Bill Scholl, left, Marquette vice president and director of athletics, gives Shaka Smart a jersey Monday, March 29, 2021, at the Al McGuire Center in Milwaukee. Smart is the new NCAA college head men's basketball coach at Marquette. (Ebony Cox/Milwaukee Journal-Sentinel via AP)
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MILWAUKEE (AP) — Shaka Smart acknowledges he’s happy to return to his home state but says that isn’t necessarily the reason he decided to leave Texas for Marquette.

“I grew up about an hour from here,” Smart said Monday at his introductory news conference, three days after taking the Marquette job. “I was born in Madison, I spent my whole childhood in Wisconsin. It’s phenomenal being back. But the reason I came back is Marquette. That’s why I’m here.”

Smart, who turns 44 on April 8, said he welcomed the opportunity to coach at a school where basketball was the main sport. He cited Marquette’s family atmosphere and the shared vision among the school’s hierarchy as other factors in his decision.

Marquette is hoping Smart can recreate his success at VCU and get the Golden Eagles back to their level of play from several years ago, when they were regularly advancing to the second week of the NCAA Tournament.

“He’s hard-working,” Marquette President Michael Lovell said. “He’s innovative. And he’s already been to the Final Four.”

Marquette pursued Smart in 2014 — three years after that Final Four run — but he stayed at VCU. The Golden Eagles instead hired longtime Duke assistant Steve Wojciechowski, who was fired March 19 after going 128-95 with no NCAA Tournament victories in seven seasons.

Smart posted a 163-56 record in six seasons at VCU before leaving for Texas in 2015.

At that point, Smart was one of the brightest coaching prospects around. But he didn’t win a single NCAA Tournament game at Texas.

Smart was 109-86 with three NCAA appearances in six years at Texas, and the Longhorns would have earned a bid last year if the pandemic hadn’t shut down the season.

Texas went 19-8 and won the Big 12 Tournament this season to earn a No. 3 seed, but Abilene Christian upset the Longhorns 53-52 in the first round.

That turned up the pressure on Smart, who had two seasons left on a contract paying him more than $3 million per year.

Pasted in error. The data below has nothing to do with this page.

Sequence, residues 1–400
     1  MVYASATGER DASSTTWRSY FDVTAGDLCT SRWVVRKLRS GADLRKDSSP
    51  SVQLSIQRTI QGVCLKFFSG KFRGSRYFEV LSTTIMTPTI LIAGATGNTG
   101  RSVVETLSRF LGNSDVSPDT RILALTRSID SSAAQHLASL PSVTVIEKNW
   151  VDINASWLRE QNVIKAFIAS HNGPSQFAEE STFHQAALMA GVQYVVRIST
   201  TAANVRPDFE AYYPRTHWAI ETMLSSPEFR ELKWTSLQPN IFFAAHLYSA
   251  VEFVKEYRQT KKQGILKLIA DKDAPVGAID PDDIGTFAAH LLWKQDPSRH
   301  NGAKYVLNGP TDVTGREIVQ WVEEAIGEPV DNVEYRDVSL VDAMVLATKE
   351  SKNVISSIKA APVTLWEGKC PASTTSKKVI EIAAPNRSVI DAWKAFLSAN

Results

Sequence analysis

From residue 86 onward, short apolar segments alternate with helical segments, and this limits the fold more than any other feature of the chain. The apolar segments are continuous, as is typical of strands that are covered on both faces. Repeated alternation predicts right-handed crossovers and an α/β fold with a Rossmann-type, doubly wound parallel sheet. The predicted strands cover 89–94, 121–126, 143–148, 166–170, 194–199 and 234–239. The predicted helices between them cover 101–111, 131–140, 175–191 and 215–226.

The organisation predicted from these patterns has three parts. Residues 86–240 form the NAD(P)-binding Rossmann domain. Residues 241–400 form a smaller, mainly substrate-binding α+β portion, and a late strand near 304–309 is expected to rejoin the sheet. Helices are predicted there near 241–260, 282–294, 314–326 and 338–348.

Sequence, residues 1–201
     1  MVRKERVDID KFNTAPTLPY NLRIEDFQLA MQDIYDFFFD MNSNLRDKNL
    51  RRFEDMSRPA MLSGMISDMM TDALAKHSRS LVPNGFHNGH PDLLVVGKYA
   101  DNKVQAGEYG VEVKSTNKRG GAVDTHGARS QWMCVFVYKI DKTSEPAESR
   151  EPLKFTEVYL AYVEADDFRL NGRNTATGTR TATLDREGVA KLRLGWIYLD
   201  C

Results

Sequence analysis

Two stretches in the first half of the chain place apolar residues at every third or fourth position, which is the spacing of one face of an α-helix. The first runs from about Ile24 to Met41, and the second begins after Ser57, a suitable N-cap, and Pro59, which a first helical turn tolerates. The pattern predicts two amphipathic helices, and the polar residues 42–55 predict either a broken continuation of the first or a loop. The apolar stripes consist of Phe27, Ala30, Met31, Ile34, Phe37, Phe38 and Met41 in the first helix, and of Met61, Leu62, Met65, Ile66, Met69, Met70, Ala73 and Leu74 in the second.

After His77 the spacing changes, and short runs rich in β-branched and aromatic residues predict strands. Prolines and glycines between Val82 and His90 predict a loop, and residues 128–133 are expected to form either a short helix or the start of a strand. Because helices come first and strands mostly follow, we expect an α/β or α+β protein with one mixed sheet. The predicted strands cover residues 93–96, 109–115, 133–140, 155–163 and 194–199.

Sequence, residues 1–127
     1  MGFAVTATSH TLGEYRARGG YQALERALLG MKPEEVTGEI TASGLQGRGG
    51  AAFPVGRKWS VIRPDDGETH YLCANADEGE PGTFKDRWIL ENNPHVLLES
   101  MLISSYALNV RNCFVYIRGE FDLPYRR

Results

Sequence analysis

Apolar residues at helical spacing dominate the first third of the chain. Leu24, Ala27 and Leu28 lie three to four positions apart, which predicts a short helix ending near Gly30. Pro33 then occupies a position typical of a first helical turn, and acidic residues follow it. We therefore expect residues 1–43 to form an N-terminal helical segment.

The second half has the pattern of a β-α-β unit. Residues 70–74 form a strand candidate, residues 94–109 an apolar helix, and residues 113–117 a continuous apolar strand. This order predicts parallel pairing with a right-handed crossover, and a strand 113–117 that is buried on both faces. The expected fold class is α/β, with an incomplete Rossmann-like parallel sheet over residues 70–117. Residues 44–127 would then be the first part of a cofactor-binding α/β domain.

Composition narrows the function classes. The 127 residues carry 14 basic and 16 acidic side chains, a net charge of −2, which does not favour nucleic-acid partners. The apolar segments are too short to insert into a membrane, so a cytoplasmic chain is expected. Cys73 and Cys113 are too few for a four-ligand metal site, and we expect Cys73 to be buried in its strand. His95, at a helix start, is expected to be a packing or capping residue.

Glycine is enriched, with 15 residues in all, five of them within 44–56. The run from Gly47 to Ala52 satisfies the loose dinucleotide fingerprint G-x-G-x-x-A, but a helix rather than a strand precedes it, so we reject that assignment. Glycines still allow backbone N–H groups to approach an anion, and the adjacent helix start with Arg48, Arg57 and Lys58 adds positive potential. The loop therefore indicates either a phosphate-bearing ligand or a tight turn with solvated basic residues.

“I’m so grateful for all coach Smart did for Texas basketball, our university community and our athletics department,” Texas athletic director Chris Del Conte said in a statement released over the weekend. “I’ve enjoyed our time together really appreciate the passion he has for his team and student-athletes, and I learned a great deal from him during our many conversations.”

Smart’s Wisconsin background was evident as he discussed his new job Monday.

He earned a round of applause from fans attending his news conference when he noted he was born in 1977, the year Marquette won its lone NCAA championship. He discussed his childhood memories watching games that featured former Marquette coach Al McGuire on the broadcast crew.

“Growing up in this part of the country, you couldn’t help but follow this basketball program,” Smart said.

Smart called Philadelphia 76ers coach and former Marquette guard Doc Rivers one of his mentors. He recalled working at Texas and VCU with Denny Kuiper, who was a consultant on Marquette’s 2003 Final Four team.

His challenge is getting Marquette back to national relevance.

Marquette went 13-14 this season and made two NCAA Tournament appearances in Wojciechowski’s seven-year tenure, though the Golden Eagles likely would have earned a bid last year if not for the pandemic.

But the Golden Eagles aren’t far removed from much greater success.

Marquette made eight straight NCAA Tournament appearances from 2006-13, reached a regional final in 2013 and got to the Sweet 16 in 2011 and 2012.

Smart said his short-term goal was establishing the right culture.

“It’s not a commentary of anything that happened before,” Smart said. “I think anytime a new coach comes in, you have to build a culture you believe.”

His long-term hopes are more ambitious.

“You want to have seasons where you put something up in the rafters, whether it’s a Big East regular-season championship, a Big East Tournament championship,” Smart said. “The ultimate goal is to advance to the Final Four or beyond.”

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